Nova Scotia

Lunenburg pool brings community, teams together in summer of COVID

While many pools remain closed this summer, the community pool in Lunenburg decided to open at a loss — and became a refuge for families and swim teams from around the province.

'We just thought, if we have to take the hit, we have to take the hit'

How the Lunenburg pool brought community, teams together

2 years ago
Duration 2:28
The COVID-19 pandemic has meant many pools were closed this summer, but the Lunenburg pool was determined to open. The CBC's Emma Davie reports.

As the COVID-19 pandemic was in the midst of its first wave in Nova Scotia, the board of the Lunenburg and District Swimming Pool Society had a difficult decision to make about the summer ahead.

Volunteer members were meeting four times more often than usual to try to find a way to open the outdoor community pool.

Now, at the end of August, the summer is being hailed as a success. The pool became a community hub for families looking to get out of the house while offering swim teams from around the province a place to train.

But this summer has also come with a big financial hit for the non-profit pool.

"There's no doubt we're going to lose a lot of money this summer," said Claire Holt, the society's president.

"We just thought, if we have to take the hit, we have to take the hit, because it was more important that the community had a place to go."

Claire Holt is the president of the pool's society. (Brian MacKay/CBC)

With no competitions or canteen sales, the board looked for other ways to raise money. They offered two national lifeguard certification courses, were able to hold swim lessons in August and ran a raffle fundraiser.

As one of the few open pools, they were also able to offer training spaces to swim teams looking to practise — which lead to more advanced training for the Lunenburg Mariners.

The Halifax Trojan Aquatic Club, as well as the Wolfville Tritons, came once a week to train.

"For coaching and for swimmers, the pinnacle of training is training in a pool that's outdoors. That is the ultimate," said Mark McGrann, head coach of the Halifax club.

'It was just perfect'

McGrann said it was extremely difficult to find pool space this summer, as both their two main pools have been closed since March.

The team even trained at Long Lake Provincial Park when there were no pools available, but McGrann said the swimmers missed having walls to push off and diving blocks.

"They had an absolute blast. We had the barbecue on deck, the parents liked it, it was a social but safe environment. It was just perfect," he said.

"It's not the gloomy, sticky, sweaty, indoor underground pools that we're used to."

Mark McGrann, head coach of the Halifax Trojan Aquatic Club, says he hopes the team will be able to practise in the Lunenburg pool again next summer. (Brian MacKay/CBC)

McGrann offered to help the new Mariners head coach and the Trojans staff also put on instructional clinics.

"I think the really big winner was the butterfly clinic, the kids were very excited by the things they learned doing butterfly," Holt said.

Mariners head coach Madison Ottens said she was grateful to work with the year-round swim teams and the kids learned a lot.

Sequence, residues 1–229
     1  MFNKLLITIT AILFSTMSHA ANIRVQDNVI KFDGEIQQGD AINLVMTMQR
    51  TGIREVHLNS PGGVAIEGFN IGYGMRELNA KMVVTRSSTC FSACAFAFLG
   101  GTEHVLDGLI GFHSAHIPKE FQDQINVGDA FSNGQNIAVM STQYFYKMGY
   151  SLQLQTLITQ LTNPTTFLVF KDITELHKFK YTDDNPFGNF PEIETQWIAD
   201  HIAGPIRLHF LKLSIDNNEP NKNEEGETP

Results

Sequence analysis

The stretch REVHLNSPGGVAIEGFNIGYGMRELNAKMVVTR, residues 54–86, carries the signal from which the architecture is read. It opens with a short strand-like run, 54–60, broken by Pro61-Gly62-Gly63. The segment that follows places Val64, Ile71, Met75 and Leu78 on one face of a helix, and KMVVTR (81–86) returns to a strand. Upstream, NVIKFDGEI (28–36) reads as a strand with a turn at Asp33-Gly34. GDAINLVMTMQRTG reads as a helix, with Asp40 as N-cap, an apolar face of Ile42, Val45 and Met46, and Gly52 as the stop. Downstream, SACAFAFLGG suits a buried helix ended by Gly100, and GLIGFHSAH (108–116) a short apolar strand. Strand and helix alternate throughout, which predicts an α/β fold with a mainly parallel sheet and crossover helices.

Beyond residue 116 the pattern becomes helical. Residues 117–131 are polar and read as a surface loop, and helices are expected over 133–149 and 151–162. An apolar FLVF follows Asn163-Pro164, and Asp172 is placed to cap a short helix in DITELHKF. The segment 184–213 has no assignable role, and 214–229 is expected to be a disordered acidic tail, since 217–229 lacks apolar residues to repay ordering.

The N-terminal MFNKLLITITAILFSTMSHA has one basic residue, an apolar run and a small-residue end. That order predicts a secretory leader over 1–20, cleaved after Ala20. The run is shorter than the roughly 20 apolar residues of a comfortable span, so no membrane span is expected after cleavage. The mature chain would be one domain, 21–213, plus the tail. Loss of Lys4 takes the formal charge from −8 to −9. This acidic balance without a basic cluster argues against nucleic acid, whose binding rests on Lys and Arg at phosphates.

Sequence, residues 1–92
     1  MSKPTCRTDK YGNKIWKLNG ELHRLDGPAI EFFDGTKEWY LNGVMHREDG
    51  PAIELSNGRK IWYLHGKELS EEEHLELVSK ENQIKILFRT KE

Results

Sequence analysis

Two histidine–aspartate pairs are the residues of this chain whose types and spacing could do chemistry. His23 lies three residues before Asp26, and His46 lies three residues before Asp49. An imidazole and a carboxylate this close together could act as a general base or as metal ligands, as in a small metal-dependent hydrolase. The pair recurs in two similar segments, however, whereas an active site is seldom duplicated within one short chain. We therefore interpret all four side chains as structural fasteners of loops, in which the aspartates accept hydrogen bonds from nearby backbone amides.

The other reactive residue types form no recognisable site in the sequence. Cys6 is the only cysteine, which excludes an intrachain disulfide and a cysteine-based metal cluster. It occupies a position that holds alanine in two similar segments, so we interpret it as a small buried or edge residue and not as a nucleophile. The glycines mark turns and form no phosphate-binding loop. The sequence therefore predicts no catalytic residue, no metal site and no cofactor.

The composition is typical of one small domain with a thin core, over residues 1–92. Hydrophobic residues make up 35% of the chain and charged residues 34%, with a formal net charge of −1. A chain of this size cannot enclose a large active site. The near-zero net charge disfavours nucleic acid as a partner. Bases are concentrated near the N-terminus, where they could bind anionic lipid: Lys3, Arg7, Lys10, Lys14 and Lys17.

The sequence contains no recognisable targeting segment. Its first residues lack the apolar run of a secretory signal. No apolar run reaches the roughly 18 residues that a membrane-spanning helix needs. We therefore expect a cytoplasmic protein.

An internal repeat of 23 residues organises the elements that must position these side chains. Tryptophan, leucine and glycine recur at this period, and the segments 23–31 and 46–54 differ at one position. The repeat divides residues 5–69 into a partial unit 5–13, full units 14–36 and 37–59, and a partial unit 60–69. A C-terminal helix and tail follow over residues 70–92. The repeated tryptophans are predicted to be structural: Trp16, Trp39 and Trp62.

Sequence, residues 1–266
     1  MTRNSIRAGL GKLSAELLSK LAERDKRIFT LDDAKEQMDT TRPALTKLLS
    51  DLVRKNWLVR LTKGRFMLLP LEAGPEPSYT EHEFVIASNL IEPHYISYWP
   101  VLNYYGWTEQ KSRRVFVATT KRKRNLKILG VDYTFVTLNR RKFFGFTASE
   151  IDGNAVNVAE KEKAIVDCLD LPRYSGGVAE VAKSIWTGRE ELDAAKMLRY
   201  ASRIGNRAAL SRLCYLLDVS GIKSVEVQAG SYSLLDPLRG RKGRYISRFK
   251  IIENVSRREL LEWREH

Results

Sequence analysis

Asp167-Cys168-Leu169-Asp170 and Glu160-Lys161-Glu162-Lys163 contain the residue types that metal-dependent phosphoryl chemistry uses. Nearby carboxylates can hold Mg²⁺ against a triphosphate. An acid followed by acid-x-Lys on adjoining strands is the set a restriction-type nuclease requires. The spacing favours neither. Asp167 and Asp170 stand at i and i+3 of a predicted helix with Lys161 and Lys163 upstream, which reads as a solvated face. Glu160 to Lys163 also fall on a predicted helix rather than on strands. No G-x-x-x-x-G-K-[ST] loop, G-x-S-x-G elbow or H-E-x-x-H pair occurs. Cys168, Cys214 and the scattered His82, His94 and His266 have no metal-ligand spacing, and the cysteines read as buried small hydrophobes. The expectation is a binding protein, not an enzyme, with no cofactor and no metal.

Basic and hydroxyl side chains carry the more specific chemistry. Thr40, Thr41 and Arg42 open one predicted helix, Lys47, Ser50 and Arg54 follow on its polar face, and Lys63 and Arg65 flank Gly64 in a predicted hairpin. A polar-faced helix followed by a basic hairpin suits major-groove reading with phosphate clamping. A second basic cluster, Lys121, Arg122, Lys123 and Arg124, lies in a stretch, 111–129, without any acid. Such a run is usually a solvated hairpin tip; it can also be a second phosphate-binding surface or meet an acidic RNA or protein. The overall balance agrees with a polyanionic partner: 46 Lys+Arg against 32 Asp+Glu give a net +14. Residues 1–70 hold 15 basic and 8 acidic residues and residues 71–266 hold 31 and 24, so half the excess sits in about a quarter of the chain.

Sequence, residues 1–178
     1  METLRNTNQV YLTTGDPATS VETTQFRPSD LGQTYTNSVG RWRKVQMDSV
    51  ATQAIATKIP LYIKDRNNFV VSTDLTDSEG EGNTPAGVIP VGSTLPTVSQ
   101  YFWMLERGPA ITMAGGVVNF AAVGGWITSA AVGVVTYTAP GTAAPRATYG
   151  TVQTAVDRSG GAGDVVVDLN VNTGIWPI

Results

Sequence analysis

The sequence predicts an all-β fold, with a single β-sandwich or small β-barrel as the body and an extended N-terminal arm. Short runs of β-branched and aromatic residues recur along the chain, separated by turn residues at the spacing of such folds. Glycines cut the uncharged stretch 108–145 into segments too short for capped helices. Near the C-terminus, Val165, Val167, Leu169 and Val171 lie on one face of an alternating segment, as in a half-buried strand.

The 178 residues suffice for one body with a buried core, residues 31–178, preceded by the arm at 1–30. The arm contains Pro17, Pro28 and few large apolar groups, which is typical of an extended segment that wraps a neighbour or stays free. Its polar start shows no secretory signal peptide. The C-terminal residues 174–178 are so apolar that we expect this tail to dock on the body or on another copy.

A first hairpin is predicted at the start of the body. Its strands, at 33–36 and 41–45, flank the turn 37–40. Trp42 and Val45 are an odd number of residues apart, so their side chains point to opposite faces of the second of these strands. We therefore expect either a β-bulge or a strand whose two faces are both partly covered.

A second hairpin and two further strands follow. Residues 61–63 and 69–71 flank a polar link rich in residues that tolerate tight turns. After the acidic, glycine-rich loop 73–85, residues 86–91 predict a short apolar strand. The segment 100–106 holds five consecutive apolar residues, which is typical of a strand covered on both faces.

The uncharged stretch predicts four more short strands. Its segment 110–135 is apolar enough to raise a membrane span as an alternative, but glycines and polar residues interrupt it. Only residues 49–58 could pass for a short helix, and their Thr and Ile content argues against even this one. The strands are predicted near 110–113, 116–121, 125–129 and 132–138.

"They were really excited. It was a really good opportunity for them to have more social experiences and get back in the water," she said.

COVID-19 changes at the pool

The teams were limited to 50 at a time in the pool area, including coaching staff. There were also temperature checks, physical distancing, face shields, hand sanitization and a lot more cleaning.

The locker rooms had to remain closed, but Holt said it didn't seem to bother anyone who used the pool.

"When we opened, the response was amazing. We had people dropping off gifts to the staff to say thank you," Holt said.

Carmen Jaeger put her two children, eight-year-old Titus and nine-year-old Merle, in swimming lessons as soon as she could.

"We were not expecting much because of the special COVID situation. But we were very thrilled that [the pool opened]," Jaeger said, adding that it's a short walk from their home to go for a swim.

"We were not concerned about our safety because we knew they would make it right and protect us."

An instructor at the Lunenburg pool wears a face shield while doing swimming lessons as part of the new COVID-19 safety measures. (Brian MacKay/CBC)

Holt said she was most proud of being able to give the community a place to go this summer.

"I'm a teacher and I know kids have been home for so long. I talk to parents who are so stressed and worried about their kids. When you don't have activities to go to, if you don't have a goal for your day, it can lead to depression," she said.

"But this was a destination every day and a place for kids to go."

The Trojans were able to end the summer with an in-house competition at the Lunenburg pool, which McGrann said was a huge hit.

He also said he hopes to see the relationship continue next summer.

"The board who runs the facility, they do an amazing job. And in adversity they really stepped up, so we're really impressed and really, really grateful for that."

Holt said they've learned a lot this year and hope that will translate into an earlier opening date in 2021, even if COVID restrictions continue.

"We're hoping that, because we've learned so much, because we've found out where to acquire equipment, that next year will be a better year."

ABOUT THE AUTHOR

Emma Davie

Reporter

Emma Davie is a reporter, producer and videojournalist in Halifax. She loves listening to, and telling stories from people in the Maritimes. You can reach her at emma.davie@cbc.ca.

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